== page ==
Chase sequences can be a bit tricky to play through though thanks to how traps work.  Throughout the game, you can unlock a series of traps and tools to aid in dealing with the infected through the game’s agility skill tree for which some of them are specifically designed to aid the player when being chased.  From ultraviolet flares and lamp posts to exploding cars electric floors, there are plenty of tools at your disposal in the event that you need to flee, especially at night.  While they can be useful, the way the game informs the player of traps they can utilize is extremely limited in scope, all but forcing you to memorize their locations as they don’t appear on the HUD unless you are within a certain distance of them and, even then, only on your minimap.  Assassin’s Creed, by contrast, maintains the trap icon on your minimap at a much greater distance and these trap locations take place that feel natural in location for the direction in which you are fleeing.  Dying Light, however, doesn’t afford the player this luxury.  In addition, the point of traps are significantly downsized once you get to the second area of the game as you’ll find most of your time being spent bounding off rooftops instead of on the streets below.  This is definitely an area Techland needs to take a look at in the future.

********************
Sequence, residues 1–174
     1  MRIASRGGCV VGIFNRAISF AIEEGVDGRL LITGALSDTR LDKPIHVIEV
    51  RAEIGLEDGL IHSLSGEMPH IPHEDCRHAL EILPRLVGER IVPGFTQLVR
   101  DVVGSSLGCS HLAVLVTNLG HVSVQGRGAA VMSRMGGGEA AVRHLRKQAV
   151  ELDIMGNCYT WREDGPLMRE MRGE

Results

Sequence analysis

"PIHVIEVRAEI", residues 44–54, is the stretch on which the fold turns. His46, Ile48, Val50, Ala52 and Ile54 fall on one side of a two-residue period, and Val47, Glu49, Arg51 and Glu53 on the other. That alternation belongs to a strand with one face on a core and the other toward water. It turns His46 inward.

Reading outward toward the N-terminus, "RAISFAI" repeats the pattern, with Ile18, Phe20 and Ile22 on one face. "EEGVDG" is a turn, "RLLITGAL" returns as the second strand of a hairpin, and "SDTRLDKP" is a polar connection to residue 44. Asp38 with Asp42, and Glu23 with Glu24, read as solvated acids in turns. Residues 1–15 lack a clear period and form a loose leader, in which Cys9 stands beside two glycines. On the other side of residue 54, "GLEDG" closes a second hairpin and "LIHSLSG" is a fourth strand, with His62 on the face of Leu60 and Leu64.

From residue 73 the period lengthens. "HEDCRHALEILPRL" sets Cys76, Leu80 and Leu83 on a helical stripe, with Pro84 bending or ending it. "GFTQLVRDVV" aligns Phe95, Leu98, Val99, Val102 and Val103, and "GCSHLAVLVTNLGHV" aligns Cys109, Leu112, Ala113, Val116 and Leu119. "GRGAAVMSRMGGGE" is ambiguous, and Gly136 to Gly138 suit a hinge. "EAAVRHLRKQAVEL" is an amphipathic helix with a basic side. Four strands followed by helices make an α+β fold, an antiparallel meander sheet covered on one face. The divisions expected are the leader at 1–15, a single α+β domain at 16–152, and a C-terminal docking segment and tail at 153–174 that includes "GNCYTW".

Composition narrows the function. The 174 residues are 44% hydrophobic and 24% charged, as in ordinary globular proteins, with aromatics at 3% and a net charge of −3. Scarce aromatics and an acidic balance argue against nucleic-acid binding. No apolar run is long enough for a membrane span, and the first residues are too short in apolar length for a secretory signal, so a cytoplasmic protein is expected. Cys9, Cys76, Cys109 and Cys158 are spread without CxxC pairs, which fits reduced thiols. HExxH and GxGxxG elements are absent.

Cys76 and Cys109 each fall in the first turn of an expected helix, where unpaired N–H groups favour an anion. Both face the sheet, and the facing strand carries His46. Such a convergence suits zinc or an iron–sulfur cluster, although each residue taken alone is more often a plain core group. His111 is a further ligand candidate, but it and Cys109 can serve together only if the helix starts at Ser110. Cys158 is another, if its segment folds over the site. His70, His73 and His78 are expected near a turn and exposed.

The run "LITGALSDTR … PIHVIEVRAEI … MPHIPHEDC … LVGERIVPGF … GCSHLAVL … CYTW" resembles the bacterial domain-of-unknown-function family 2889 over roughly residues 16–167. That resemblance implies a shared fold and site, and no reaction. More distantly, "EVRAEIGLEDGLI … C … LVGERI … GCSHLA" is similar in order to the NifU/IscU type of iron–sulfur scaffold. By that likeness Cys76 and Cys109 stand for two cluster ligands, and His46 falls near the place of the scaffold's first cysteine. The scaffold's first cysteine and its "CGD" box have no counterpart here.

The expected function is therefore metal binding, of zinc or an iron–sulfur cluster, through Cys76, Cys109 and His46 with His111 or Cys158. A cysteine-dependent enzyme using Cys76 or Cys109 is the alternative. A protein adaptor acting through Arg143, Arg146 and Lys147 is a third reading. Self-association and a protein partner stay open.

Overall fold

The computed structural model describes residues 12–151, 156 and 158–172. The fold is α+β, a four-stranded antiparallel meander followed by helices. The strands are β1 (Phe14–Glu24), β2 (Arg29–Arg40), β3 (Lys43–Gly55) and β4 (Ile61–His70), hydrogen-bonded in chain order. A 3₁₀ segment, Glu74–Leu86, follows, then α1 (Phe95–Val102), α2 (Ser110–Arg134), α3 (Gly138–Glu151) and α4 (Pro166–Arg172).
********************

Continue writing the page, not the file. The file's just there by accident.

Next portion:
Sadly, it is the day/night cycle wherein I find one of the biggest missed opportunities for Dying Light: time management.  Throughout the course of the game, the player is constantly given deadlines, timespans and reminders of the importance and necessity of their actions.  From radio calls warning of the impending destruction of Harran in just a few days’ time to retrieving flesh from a special zombie type at night for study that needs to arrive in less than a few hours, the game seems determined to press you on your progress.  Despite this, the game makes no effort to actually make you proceed in as timely a manner as possible.  There are no actual time limits in the game at all!  At one point I clearly remember being told that I must complete a mission post haste and only after nearly a week had passed did I finally get around to accomplishing the goal.  This is, of course, to say nothing of Antizin being a story gimmick to move the plot along and not also a gameplay opportunity.  Allowing players the freedom to do whatever they want, whenever that want is fine in a lot of open world games but in one such as this, stressing the player with time management can actually make for a better game.  In my opinion, Dying Light would greatly benefit from an update that includes such a mode.